I write this as news breaks that deaths from coronavirus in Scotland are nearing the four-figure mark, so it is with the proviso that everything in sport, and I mean everything, is an inconsequential matter of trivia at this time that I venture to suggest that some sports in Scotland, and especially rugby union, could do with a little image boost.

As the world of Scottish football has found out in recent days, when there isn’t any actual sport to write about, subjects that normally would be buried deep inside newspapers suddenly make back-page headlines.

The comings and goings at the headquarters of the Scottish Professional Football League would not normally fill five or six pages of the sports section, and blow-by-blow accounts of who said what to whom at what time in the SPFL would never see the light of day.

Yet with the coronavirus wrecking the sporting calendar, the sports pages still have to be filled and suddenly a lot of sportswriting chums of mine have had to become instant masters of the minutiae of administrative and legal detail the like of which they have only ever looked at sniffily in the past, if at all.

Normally sportswriters just like to write about sport. They glory in describing the beauty of a Brazilian free-kick bent into the postage-stamp corner, or the ferocity of a Springbok tackle, or the sound of leather on willow – I always like that one – or the failure of yet another Scot to win a game of golf. Now the whole clan is reduced to home quarantine, watching re-runs of old events or writing pieces of diatribe against the administrators or organisers who can’t get things sorted – I mean, anybody would think there’s a pandemic killing people out there, wouldn’t they?

It’s been even worse for the small and much-dwindled band of rugby writers in this country. At least the fitba’ hacks have been able to have a field day over the issues of who is going to get what dosh and win what league or who is going to get relegated, and every Scot, John, Murdoch or Stewart has been able to have their say. Yet most fitba’ clubs in the country have tried to at least keep their names in the papers. It is after all, nearly time for season ticket renewals, and it will need an almost insane loyalty for people to fork out for them.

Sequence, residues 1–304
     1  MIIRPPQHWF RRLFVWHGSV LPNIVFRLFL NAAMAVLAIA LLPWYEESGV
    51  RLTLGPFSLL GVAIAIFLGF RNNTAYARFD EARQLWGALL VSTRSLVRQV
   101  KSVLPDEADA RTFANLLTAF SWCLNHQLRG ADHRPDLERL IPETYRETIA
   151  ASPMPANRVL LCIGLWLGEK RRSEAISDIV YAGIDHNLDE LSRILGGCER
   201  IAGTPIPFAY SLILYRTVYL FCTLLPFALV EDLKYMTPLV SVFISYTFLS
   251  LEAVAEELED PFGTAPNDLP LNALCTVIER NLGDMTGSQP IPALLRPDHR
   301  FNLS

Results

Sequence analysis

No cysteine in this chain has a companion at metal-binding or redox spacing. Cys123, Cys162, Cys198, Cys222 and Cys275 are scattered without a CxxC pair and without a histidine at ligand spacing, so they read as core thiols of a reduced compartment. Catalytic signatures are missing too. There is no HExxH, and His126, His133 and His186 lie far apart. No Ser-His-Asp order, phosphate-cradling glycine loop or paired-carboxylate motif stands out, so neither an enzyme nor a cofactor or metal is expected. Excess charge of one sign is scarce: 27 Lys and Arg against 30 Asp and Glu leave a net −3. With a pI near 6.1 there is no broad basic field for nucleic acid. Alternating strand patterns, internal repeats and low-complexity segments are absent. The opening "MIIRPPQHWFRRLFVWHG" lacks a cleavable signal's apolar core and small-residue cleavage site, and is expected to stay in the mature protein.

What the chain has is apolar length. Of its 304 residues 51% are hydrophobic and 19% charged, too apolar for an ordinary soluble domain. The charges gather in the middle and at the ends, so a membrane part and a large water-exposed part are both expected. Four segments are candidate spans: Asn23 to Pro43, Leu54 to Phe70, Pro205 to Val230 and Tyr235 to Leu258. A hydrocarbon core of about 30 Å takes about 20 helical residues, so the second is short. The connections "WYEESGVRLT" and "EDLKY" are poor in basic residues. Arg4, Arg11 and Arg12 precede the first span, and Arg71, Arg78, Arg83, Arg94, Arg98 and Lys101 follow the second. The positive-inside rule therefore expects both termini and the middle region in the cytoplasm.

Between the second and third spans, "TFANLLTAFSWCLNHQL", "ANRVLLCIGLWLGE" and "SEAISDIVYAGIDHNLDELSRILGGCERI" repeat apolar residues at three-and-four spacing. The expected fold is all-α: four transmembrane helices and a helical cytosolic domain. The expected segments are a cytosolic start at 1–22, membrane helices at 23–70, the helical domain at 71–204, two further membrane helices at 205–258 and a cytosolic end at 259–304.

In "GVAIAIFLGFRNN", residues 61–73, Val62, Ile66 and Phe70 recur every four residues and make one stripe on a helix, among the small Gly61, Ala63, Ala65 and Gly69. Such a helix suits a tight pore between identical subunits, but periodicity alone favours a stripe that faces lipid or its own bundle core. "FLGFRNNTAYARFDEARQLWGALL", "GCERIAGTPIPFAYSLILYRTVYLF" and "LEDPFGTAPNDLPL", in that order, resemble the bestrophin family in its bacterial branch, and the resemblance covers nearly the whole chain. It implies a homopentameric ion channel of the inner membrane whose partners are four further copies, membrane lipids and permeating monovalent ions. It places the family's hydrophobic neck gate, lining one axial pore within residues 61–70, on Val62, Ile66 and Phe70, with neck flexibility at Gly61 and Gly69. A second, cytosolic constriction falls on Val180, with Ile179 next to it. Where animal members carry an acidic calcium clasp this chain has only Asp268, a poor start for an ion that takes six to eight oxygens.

Yet rugby is hardly making a headline, except when, quite correctly, the professional players and staff of the Scottish Rugby Union took a wage deferral. And it’s because I have already expressed my admiration for the way that the SRU has generally handled itself in this crisis - the fiasco of the Wales match was down to the Welsh Rugby Union – that I’m offering them some advice.

It’s time to open up and not give the impression that Murrayfield is full of control freaks. For instance, I would really like to know what the players of the national team or Edinburgh Rugby or Glasgow Warriors are thinking about this situation. What are they doing to cope with quarantine or self-isolation, how are they dealing with the sickness or, God forbid, the deaths of close ones? What do they think will happen when rugby re-starts, as it will? Most modern players are social media and tech savvy – could there not be Skype or other video conferences and interviews?

I asked the SRU for their comments on the almost complete invisibility of players in the media in recent weeks and was told this: “We will be issuing guidance to media shortly based on what the impact of furloughing all our contracted players means in terms of media access.”

In other words they will react too little, too late. Now it is a given that contracted players must always deal with the press through the media teams of Scottish Rugby or their clubs. That’s in the rules, or code of conduct, that each player signs up to. So even if the players are allowed to be interviewed you can bet they will have been given the script beforehand – fair enough, that’s the modern game for you.

What will happen if the SRU don’t get players up front is this – the admin and ‘backroom’ stuff will come under scrutiny as never before because the press abhors a vacuum.

More and more people will look into such matters as the Governance Task Force which President Dee Bradbury recently set up. Some 38 clubs sent a letter to her last week demanding that she stand down the Task Force. She replied yesterday saying it was going ahead anyway – big mistake.

That would also encourage those clubs about to get votes of no confidence flying into Murrayfield – mentioning no names at present but believe me, they are on their way.

So my advice is get the players and coaches out and talking. Just ask Neil Doncaster what happens if attention switches off the pitch.